Aller au menu principal Aller au contenu principal

Molecular nanowires in miniaturized electronic devices : The contribution of the GIWAXS technique developed on the SIRIUS beamline

Share

Molecular electronics enables the development of breakthrough applications for photovoltaic panels, lighting, displays, sensors, flexible electronics, etc. It aims to offer an alternative to conventional silicon circuits, which have reached their miniaturization limits. Its principle: to use molecular "Lego® " which self-assemble into domains to transport electrical charges — the size of electronic components is thus drastically reduced.

To monitor the synthesis of such devices at the nanometric scale and to characterize them, grazing incidence wide angle X-ray scattering (GIWAXS), implemented on the SIRIUS beamline, appears to be a reference analytical technique.

Electronic devices are traditionally fabricated via a multi-step sequence of complex and costly techniques during which electronic circuits are gradually created on a wafer made of pure semiconductor material. The limits in terms of minimum size reached by this top-down approach can be overcome by a bottom-up approach, as used in molecular electronics, which consists in building components molecule by molecule. Supramolecular electronics is the link between molecular electronics and etched devices. In particular, it allows the interconnection of nano- or microelectronic circuit elements using supramolecular polymers consisting of a long chain of self-assembled organic molecules. These so-called "1D" (one-dimensional) polymers are synthesized by in situ electropolymerization between microelectrodes to produce extremely thin nanowires. The process must be very precisely controlled, as the efficiency of the whole device depends not only on the structure of the molecular building blocks assembled in the nanowires, but also on their orientation and alignment over distances of the order of a micrometer.

But no standard analysis techniques allow the structural and full orientation characteristics of these nanowires in electronic circuits to be accessed at this scale.  

All the information captured in one shot

X-ray scattering techniques can give access to the organization of materials down to the atomic scale. However, studying only a few nanowires placed in an electronic circuit is complex, on the one hand because of the very small amount of material and therefore the very low intensity of the measured signal, and on the other hand because of the device geometry: in this work, the microelectrodes obstruct the trajectory of the X-ray beam and hinder the measurement.

To overcome these limitations, researchers from Charles Sadron Institute (Strasbourg), Institute of Physics and Chemistry of Materials (Strasbourg) and SIRIUS beamline at SOLEIL have developed an experimental set-up allowing GIWAXS analysis of the entire morphology of organic electronic circuits: here, nanowires made of triarylamine (TAA) – a family of molecules with excellent electronic and photonic semiconducting properties – are assembled directly between the electrodes by a supramolecular electropolymerization process. The scientists were thus able, in a single shot, to determine the structure of the nanowires interconnecting the microelectrodes, as well as their orientational order parameters in 3D (showing that the nanowires all grow parallel to the plane of the substrate) and in 2D (in the plane, the nanowires align perpendicular to the microelectrodes). This alignment occurs with a coherence length of more than 100 nm, representing more than 200 molecules along the long axis of the nanowires.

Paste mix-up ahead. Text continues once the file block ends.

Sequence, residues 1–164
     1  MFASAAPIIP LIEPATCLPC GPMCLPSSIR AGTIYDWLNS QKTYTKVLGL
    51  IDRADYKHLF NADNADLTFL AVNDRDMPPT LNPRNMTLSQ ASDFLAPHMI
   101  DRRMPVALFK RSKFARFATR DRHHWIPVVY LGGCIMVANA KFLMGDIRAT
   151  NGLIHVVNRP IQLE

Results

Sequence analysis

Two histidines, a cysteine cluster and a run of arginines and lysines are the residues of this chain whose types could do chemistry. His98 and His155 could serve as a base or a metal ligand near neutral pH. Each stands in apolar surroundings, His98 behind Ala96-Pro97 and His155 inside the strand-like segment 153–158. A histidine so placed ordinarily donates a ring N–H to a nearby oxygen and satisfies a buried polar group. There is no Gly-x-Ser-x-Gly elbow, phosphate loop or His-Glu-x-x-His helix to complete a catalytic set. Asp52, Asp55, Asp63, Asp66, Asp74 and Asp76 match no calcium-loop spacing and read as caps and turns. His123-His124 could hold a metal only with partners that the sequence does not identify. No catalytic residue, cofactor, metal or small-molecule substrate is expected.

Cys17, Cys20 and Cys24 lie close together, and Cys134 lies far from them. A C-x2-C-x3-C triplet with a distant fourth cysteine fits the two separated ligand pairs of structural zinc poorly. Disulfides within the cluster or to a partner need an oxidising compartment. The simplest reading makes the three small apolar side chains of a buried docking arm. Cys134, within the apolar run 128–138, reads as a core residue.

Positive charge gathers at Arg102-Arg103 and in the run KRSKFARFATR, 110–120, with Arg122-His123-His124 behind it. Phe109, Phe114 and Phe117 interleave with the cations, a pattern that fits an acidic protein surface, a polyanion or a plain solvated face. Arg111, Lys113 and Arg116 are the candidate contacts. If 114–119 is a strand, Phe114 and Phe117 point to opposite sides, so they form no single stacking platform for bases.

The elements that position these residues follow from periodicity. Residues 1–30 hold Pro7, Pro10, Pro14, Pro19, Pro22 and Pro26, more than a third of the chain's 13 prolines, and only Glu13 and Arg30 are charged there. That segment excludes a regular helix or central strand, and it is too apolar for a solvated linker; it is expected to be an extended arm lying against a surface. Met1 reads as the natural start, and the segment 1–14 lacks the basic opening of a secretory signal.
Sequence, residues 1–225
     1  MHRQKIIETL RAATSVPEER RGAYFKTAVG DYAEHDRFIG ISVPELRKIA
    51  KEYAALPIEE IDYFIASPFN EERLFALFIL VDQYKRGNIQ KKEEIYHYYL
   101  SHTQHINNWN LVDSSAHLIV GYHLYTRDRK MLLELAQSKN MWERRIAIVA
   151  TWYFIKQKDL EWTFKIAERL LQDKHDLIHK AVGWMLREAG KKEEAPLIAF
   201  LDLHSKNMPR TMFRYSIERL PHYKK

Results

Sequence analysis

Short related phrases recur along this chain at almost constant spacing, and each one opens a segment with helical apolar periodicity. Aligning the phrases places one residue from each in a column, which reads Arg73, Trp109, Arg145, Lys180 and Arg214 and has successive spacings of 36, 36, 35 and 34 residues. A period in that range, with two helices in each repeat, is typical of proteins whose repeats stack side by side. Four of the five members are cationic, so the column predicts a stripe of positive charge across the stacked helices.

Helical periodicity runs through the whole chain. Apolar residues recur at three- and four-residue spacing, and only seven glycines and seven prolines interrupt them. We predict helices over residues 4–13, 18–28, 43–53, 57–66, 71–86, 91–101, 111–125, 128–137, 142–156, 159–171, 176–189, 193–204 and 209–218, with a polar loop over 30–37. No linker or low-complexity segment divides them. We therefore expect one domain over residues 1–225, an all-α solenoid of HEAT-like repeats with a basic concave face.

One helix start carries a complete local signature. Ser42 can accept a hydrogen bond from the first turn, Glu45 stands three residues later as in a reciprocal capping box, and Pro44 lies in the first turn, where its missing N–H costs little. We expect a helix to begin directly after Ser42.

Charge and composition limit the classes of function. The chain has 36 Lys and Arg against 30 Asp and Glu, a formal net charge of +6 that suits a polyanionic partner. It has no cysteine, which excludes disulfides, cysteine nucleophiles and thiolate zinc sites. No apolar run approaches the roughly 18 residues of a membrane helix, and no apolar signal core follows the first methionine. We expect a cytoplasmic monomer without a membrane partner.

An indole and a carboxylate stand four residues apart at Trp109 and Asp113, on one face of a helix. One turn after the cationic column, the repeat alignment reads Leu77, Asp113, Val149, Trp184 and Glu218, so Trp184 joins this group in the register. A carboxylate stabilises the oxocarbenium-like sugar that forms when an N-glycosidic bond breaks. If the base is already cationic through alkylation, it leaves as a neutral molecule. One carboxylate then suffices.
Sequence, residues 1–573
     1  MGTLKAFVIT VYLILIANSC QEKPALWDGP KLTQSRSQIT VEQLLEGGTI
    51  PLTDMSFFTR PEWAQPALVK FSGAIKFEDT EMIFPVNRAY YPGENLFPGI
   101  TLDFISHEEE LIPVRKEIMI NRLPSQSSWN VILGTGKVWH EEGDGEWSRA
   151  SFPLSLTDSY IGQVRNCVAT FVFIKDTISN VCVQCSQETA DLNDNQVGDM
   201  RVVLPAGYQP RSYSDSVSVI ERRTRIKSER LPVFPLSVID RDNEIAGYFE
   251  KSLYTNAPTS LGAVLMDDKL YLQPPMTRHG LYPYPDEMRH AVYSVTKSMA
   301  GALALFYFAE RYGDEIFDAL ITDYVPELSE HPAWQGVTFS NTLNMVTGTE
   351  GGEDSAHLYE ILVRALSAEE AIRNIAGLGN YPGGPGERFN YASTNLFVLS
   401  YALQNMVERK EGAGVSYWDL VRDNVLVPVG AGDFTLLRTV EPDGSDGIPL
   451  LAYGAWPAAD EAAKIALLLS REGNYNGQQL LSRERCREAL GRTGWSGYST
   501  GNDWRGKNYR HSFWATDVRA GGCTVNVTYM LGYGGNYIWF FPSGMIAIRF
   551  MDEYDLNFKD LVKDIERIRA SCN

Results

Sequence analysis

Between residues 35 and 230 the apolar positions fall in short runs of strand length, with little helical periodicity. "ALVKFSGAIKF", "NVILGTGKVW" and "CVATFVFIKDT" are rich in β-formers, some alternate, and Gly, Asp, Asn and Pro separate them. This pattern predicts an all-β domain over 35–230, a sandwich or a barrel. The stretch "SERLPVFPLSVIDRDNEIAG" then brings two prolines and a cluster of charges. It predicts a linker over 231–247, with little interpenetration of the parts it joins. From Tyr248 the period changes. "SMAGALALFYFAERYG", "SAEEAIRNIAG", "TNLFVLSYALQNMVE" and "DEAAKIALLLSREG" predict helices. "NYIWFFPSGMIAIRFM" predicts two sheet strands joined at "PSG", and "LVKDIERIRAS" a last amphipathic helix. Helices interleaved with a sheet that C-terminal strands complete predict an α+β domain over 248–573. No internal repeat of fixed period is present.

Figure 1:
Top left: Molecular structure of a TAA1 molecule.
Top center: supramolecular polymerization mechanism of TAA1 by an oxidation/nucleation/growth process.
Bottom: Experimental setup for GIWAXS measurements on SIRIUS; the TAA nanowires (in red) elongate in situ between the electrodes, shown in yellow (width 10 µm; height 100 nm; spaced away by 10 µm). The angles and β define the disorientation of a nanowire long axis with respect to the substrate plane and to the normal to the electrodes, respectively.

 

These results provide information inaccessible by other analysis techniques reported in the literature, such as the full set of crystal lattice parameters and molecular organization modeling, even though the nanowires can only be probed in one orientation of the miniature electronic device, due to the beam obstruction by the microelectrodes.

All the parameters determined through these measurements are of crucial importance to investigate the structure-function relationships in the molecular electronic devices.

This work demonstrates the great potential of the GIWAXS technique as a reference method for the comprehensive characterization of supramolecular nanowires and other self-assemblies embedded in complex device geometries.

Figure 2: GIWAXS pattern with the incident x-ray beam aligned parallel to the electrodes (ω=0). The indexation indicates two main preferential orientations (in green and in blue) of the structure (monoclinic cell: a=33.7(3) Å; b=21.0(6) Å; c=9.7(0) Å; α=94.(5)°; β=γ=90°).